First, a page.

LOUISVILLE, Ky. – Virginia had just lost for the second time in 30 games, on a swish that was less likely than being struck by lightning indoors on a sunny day. Louisville sophomore Mangok Mathiang, a 6-foot-10 center with range that extends an arm's length from the basket (at best) somehow stroked a 17-foot jumper with 2.7 seconds left and down went the Cavaliers, 59-57.
It was Mathiang's only shot of the game. He'd made just one other field goal since January and was 1-for-16 over the previous nine games.
If it didn't sting so much, Virginia's players might have laughed at the flukish nature of the winning shot.
"I could live with that dude shooting shots to win," guard London Perrantes said, something approaching a smirk emerging beneath the navy blue hoodie that covered his head. "I'd let him shoot that 10 out of 10."
Quipped Rick Pitino: "Mangok was the 64th option."
Welcome to March. Where even the 64th option is a threat.
Mathiang's improbable star turn was a lovely moment for a guy who has struggled all season and become something of a whipping boy for Louisville fans frustrated by the team's gaping hole at center. It also was a shot across the bow for Virginia and all other highly ranked teams that enter postseason play wearing a bull's-eye.
The warning: At some point over the next month, just about every team figures to be a Mangok Mathiang jumper away from ruination.
Except maybe the team that played 75 miles down Interstate 64 earlier Saturday.
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LEXINGTON, Ky. – The Kentucky Wildcats dispatched Florida 67-50 on Senior Day, to use the term loosely. On a day that used to leave thousands of fans reaching for the Kleenex back in the days when Kentucky had seniors who actually played, the program honored a class consisting of three walk-ons by letting them play the first 22 seconds. At the first dead ball, John Calipari sent in the real players.
But there was something larger to honor than walk-ons in Rupp Arena on this day. An undefeated regular season, authored by a team now 31-0 and steamrolling into the Southeastern Conference tournament in Nashville as the landslide favorite to win the national championship and finish 40-0.
Any argument Virginia could have mounted for the overall No. 1 seed would disappear a few hours later. But even before that loss, Kentucky did nothing to loosen its ownership grip on the 2014-15 season.
"What they've done may not happen again for a long, long time," said Florida coach Billy Donovan, a guy who knows what a great team looks like.
His 2007 repeat national champions may have been the best college basketball team of the 21st century. But this Kentucky group could start an argument on that front if it finishes the quest – and of all the teams heading into the postseason, they will have the easiest road.
Not just because the Wildcats are the lock overall No. 1 NCAA tournament seed. The geography of the postseason favors them as well.
"From this point forward, they never, ever play a road game again," Donovan said. "Every game's a home game from here on out."
The Southeastern Conference tournament is in nearby Nashville, and you can expect the seats to be 90 percent blue when the Cats play. Then they'll start the NCAA tournament in Louisville's home area, the Yum Center, in a city where about 40 percent of the population roots for UK. The following weekend assuredly will be spent in Cleveland, a manageable drive from the Bluegrass State, and the Final Four is in Indianapolis, which is 114 miles up I-65 from the Ohio River that separates Kentucky and Indiana.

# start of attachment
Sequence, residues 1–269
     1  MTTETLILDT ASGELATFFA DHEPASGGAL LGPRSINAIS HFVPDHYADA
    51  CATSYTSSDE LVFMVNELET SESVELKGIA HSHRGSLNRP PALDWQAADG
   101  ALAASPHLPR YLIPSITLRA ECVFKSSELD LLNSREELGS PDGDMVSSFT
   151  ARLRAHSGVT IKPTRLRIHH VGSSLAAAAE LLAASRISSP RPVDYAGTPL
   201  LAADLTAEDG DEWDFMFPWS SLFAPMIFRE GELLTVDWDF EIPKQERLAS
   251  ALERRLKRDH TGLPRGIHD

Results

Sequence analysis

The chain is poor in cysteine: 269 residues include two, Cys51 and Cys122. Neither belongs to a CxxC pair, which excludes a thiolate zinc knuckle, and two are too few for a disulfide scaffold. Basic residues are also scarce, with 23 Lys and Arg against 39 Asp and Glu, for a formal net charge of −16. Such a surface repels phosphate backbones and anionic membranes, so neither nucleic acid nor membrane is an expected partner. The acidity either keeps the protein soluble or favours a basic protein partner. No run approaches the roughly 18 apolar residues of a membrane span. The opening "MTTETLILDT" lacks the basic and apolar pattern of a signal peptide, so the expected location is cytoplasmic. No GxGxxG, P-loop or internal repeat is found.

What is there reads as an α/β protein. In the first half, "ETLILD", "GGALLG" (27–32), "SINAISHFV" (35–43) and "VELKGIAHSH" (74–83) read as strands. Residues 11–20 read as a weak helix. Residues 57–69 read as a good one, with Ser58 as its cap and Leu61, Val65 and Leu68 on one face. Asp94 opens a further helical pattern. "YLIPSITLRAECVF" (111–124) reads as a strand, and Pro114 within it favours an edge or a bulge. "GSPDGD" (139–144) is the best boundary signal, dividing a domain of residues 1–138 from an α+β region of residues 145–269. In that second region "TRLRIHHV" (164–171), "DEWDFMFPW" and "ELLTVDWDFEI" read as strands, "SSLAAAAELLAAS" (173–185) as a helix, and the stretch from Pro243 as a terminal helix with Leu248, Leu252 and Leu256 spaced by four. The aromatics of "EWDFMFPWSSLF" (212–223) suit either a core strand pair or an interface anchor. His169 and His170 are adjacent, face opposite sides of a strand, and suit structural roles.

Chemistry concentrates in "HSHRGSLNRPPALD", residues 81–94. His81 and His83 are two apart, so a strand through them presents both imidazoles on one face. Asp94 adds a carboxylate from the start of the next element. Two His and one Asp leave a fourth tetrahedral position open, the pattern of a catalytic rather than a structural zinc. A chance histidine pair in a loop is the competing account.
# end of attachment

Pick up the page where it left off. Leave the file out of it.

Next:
You could put NCAA tourney sites in Kabul, Marrakesh and Rejkjavik, and Kentucky would have the most fans in the gym. But when you make the commute this easy, the Big Blue occupation will be overwhelming.
So in addition to having the best team and the biggest team and the deepest team, Kentucky will have the most backing every stage of the way. It's a sudden-death tourney for the Wildcats, too, but their chances of survival are far better than anyone else's.
Virginia, still firmly in possession of a No. 1 seed but not without issues, will have it harder.
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LOUISVILLE, Ky. – The Cavaliers walked out of the gym here hoping they'll have a full complement of players when they get to Greensboro next week for the Atlantic Coast Conference tournament, but unsure.
Guard Justin Anderson, the team's second-leading scorer, missed his eighth straight game Saturday. The first seven were due to a fractured finger suffered in the first meeting with Louisville. This time it was an appendectomy. Coach Tony Bennett can only wait and hope.
"He's so important for us, and we haven't had him for a while," Bennett said. "I can't tell when he'll come back. I've heard a week, two weeks. ... I hope sooner than later."
With Anderson, Virginia's offense gains a needed athletic dimension. Without him, Virginia's offense can look like it did at times against Louisville – stagnant, searching, in need of another multi-threat player who can shoot or drive.
Bennett has built his team radically differently than John Calipari has built Kentucky. He has zero McDonald's All-Americans, while Calipari has nine. Anderson may be a first-round pick if he comes out as a junior, but he's it – whereas the Wildcats could put eight or nine non-seniors into the draft.
It's been a gradual but inexorable build in Charlottesville, marked now by consecutive ACC regular-season titles. Last year, Virginia earned a No. 1 seed but was sent home in the Sweet 16 by Michigan State, in a two-point game.
If the Cavaliers had forgotten the vulnerability that comes with being a top seed in the tournament, Saturday's loss should remind them. Losing to Mangok Mathiang is one thing; losing in the Big Dance is another.
"We have to realize, it's one and done from now on," said Virginia forward Dario Atkins. "That game today was postseason play, right there."